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What is the importance of glass beads in road markings?

Retroreflectivity refers to the part of incident light from headlights of a vehicle being reflected back to the driver. Retroreflectivity is normally achieved in road marking materials by using glass beads or ceramic beads.

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These beads are sprayed on the marking materials when the road is marked. The beads are transparent and serve as lenses. When the light passes through the beads, it is refracted through the beads and then reflected back towards the original path of entry. The use of glass beads enhances retroreflectivity which raises the safety level for night driving.

glass-bead-on-roads

This question is taken from book named – A Self Learning Manual – Mastering Different Fields of Civil Engineering Works (VC-Q-A-Method) by Vincent T. H. CHU.

What is the purpose of road studs in roads?

In nighttime, car drivers could not see where the road ends and where the alignment of road changes in direction. Without sufficient number of road lightings, it is necessary to provide some means to guide the drivers along dark roads. Hence, in 1933 Percy Shaw invented the cat’s eye (i.e. road studs) which is based on the principle of cat’s eyes. When a ray of light enters the eyes of a cat, the light shall be reflected back towards to the emitting source. As such, with the reflection of car’s headlights by road studs, it is possible to identify road conditions and alignment in darkness.

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However, the provision of cats’ eye is not without problem. For instance, there have been reported accidents arising from loosely installed cat’s eye. Some new design of cat’s eye uses LEDs which flash at about 100 times per second. However, it is claimed to cause epileptic fits of drivers.

This question is taken from book named – A Self Learning Manual – Mastering Different Fields of Civil Engineering Works (VC-Q-A-Method) by Vincent T. H. CHU.

Are kerbs necessary in road pavements?

In general, kerbs are essential in road pavements due to the following reasons (based on Arthur Wignall, Peter S. Kendrick and Roy Ancil):

(i) They provide strength to the sides of road pavements and avoid lateral displacement of carriageway due to traffic loads.

(ii) In terms of road safety, they serve as a separation line between footway and carriageway and aid car drivers in driving safely.

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(iii) They act as a vertical barrier to guide the surface runoff collected in road pavements to the gullies.

gully-granting

This question is taken from book named – A Self Learning Manual – Mastering Different Fields of Civil Engineering Works (VC-Q-A-Method) by Vincent T. H. CHU.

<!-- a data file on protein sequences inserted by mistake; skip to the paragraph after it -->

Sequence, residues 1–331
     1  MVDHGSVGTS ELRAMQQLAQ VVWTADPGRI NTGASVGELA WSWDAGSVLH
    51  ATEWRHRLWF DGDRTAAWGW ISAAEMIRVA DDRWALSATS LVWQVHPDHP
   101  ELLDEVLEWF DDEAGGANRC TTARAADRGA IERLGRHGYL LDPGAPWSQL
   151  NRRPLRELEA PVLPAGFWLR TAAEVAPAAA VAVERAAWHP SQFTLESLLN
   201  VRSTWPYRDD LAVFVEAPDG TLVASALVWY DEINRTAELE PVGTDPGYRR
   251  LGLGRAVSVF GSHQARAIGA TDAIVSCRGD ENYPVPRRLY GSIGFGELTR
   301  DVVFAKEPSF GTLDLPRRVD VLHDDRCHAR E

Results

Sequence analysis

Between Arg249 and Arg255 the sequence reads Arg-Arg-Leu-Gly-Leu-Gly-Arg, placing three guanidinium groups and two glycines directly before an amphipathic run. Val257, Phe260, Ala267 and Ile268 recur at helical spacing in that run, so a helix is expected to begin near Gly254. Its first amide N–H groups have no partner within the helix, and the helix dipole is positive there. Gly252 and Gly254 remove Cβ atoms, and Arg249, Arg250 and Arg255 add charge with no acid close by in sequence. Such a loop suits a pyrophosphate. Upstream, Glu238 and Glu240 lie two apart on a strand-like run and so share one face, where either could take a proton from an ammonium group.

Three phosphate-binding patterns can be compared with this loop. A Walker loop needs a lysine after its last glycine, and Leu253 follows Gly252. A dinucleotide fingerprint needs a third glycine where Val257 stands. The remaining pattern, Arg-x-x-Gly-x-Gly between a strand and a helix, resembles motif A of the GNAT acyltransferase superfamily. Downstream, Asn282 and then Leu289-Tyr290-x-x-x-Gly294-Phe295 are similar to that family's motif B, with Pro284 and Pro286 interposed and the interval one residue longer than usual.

What is the difference between sag gully and on-grade gully?

A sag gully is a gully installed at a low point in roads and stormwater would pond up the gully. An on-grade gully is a gully installed in a sloping road where any excess flows may bypass the inlet and flow to another one downstream. Generally speaking, the entry capacity of sag gully can be estimated from hydraulic design. But for on-grade gully, owing to complicated hydraulic behaviour, the entry capacity can hardly be predicted in accuracy by mere calculation.

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This question is taken from book named – A Self Learning Manual – Mastering Different Fields of Civil Engineering Works (VC-Q-A-Method) by Vincent T. H. CHU.

When should horizontal bars and vertical bars be provided in kerb overflow weirs?

Overflow weirs should be provided for steep roads (longitudinal gradient>5%) , flat roads (longitudinal gradient<0.5%), sag points and blockage blackspots. For steep roads, flow is rapid and overflow weirs should be provided to accommodate the excess flow. For flat roads, the probability of accumulation of rubbish increases. Therefore, overflow weirs should be provided in these locations to bypass the stormwater flow in case of blockage of gullies caused by trapping of rubbish. [wp_ad_camp_1] Basically, kerb overflow weirs suffer from the drawback that it provides another passage for debris to enter the gullies and therefore bars (either horizontal or vertical) should be provided to prevent the entry of debris into the weirs. For steep roads, as the main concern is to provide an alternative route for excess flow, horizontal bars should be provided in this case to maintain better drainage efficiency. For flat roads, the purpose of overflow weirs is to trap rubbish and therefore, vertical bars should be provided because it is more effective in prevention of entry of debris. This question is taken from book named – A Self Learning Manual – Mastering Different Fields of Civil Engineering Works (VC-Q-A-Method) by Vincent T. H. CHU.